Photo: U.S. Army
After refining requirements during a two-year Technology Development phase for the Joint Light Tactical Vehicle, Army developers are poised to conduct a full and open competition geared toward formal production, service officials said.
The Joint Light Tactical Vehicle, or JLTV, will be a next-generation light vehicle designed to bring Soldiers an unprecedented blend of protection, payload and performance, said Tim Goddette, director of Sustainment Systems.
The Technology Development, or TD, phase for JLTV development, completed this past May, successfully demonstrated the vehicle’s ability to meet a wide range of requirements, including fortified improvised explosive device, or IED, protections designed to withstand blast attacks, off-road mobility, variable ride height suspension, exportable power and essential command, control, communications, computers, intelligence, surveillance and reconnaissance, or C4ISR, capabilities, Goddette said.
The 27-month phase included prototype vehicles from three teams of vendors: BAE-Navistar, Lockheed-BAE and General Tactical Vehicles (General Dynamics and AM General).
“The purpose of the TD phase was geared toward refining the requirements in order to demonstrate the JLTV’s ability to meet the designated capability gaps,” Goddette said. “The program has succeeded in identifying and proving out those areas of needed development — and now the Army is analyzing what trade-offs might be required in order to best pursue an acquisition strategy that both lowers costs and delivers this needed capability to Soldiers.”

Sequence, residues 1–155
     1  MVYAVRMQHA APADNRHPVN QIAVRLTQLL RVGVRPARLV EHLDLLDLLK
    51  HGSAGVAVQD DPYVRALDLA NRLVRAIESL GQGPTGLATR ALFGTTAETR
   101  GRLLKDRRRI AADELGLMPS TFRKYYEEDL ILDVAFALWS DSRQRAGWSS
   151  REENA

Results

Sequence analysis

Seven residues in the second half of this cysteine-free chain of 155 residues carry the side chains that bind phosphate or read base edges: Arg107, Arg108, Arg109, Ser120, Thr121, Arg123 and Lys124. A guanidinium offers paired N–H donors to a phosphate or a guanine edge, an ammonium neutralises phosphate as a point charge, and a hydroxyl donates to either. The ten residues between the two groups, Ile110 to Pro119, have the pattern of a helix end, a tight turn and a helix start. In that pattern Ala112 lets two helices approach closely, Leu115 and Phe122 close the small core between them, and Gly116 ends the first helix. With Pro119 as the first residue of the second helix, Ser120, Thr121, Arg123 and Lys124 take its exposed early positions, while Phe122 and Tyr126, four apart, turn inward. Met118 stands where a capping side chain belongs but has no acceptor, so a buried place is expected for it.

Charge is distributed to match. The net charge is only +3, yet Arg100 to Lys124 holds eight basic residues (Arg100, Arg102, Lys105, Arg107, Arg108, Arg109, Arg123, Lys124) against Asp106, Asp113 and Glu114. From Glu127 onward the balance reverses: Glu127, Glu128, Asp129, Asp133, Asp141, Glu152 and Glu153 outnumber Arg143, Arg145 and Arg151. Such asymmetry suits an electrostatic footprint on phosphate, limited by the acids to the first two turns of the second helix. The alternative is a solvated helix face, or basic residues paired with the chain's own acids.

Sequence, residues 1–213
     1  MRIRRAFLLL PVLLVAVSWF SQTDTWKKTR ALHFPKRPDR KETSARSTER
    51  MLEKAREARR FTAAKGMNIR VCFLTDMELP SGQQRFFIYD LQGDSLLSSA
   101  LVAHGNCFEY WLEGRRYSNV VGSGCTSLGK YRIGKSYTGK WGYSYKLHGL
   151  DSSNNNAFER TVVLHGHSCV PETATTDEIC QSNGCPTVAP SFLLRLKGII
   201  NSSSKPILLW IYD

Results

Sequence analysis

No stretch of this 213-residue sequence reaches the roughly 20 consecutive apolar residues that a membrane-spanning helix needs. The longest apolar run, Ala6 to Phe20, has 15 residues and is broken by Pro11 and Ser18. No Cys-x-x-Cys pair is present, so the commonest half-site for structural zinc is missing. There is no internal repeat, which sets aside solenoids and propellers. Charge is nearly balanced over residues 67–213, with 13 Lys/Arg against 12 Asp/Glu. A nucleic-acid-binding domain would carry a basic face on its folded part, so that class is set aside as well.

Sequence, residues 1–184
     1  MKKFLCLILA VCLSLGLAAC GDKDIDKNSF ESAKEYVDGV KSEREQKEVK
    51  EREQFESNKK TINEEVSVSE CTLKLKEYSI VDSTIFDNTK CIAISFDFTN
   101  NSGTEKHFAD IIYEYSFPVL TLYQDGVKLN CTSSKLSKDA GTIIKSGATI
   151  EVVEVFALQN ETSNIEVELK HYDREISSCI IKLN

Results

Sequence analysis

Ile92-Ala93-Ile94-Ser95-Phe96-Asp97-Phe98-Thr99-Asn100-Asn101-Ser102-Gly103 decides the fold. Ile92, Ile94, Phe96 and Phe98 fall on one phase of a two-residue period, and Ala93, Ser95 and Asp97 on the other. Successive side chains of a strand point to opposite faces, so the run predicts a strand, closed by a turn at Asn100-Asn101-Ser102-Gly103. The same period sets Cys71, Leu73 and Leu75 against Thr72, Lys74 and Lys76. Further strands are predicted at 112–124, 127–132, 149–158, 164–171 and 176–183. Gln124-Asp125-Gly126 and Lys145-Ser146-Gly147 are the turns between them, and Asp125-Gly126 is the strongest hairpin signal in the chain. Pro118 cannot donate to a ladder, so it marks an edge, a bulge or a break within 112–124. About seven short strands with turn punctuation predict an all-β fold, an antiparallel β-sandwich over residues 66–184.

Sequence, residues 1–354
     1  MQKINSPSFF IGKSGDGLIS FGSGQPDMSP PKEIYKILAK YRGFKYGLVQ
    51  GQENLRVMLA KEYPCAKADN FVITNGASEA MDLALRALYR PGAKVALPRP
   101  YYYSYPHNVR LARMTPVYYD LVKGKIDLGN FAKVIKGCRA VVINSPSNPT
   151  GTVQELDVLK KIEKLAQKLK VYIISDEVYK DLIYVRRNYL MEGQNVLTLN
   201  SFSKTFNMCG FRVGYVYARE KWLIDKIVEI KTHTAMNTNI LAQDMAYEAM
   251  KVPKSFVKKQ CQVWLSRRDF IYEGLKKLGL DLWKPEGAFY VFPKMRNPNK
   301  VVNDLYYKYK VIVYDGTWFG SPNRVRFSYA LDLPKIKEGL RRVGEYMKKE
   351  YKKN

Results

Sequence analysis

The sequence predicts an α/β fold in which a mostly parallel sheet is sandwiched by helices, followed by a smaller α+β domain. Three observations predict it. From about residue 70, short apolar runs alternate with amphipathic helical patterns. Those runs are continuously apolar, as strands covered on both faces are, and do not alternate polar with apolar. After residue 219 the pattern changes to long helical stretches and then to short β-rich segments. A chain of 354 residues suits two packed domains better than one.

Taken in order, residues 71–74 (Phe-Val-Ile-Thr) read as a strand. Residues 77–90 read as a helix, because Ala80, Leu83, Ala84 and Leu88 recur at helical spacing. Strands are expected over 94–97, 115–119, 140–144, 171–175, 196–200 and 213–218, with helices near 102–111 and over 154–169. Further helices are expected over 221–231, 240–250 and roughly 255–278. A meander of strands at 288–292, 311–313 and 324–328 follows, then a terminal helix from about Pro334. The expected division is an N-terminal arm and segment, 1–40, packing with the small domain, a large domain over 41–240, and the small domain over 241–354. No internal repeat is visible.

The competitive prototyping and extensive testing pursued during the TD phase was designed to match technological capability with the vehicle’s requirements and lower risk for an anticipated production phase, Goddette said.
“We demonstrated that every one of the requirements was achievable,” Goddette explained. “We’ve learned that some trade-offs are necessary to pursue an overall strategy that best synchronizes requirements, resources, mature technologies and a cost-reducing acquisition strategy.”
Source: Kris Osborn for Army.mil.
Photo: U.S. Army After refining requirements during a two-year Technology Development phase for the…
by Tactical-Life.com / Jul 28, 2011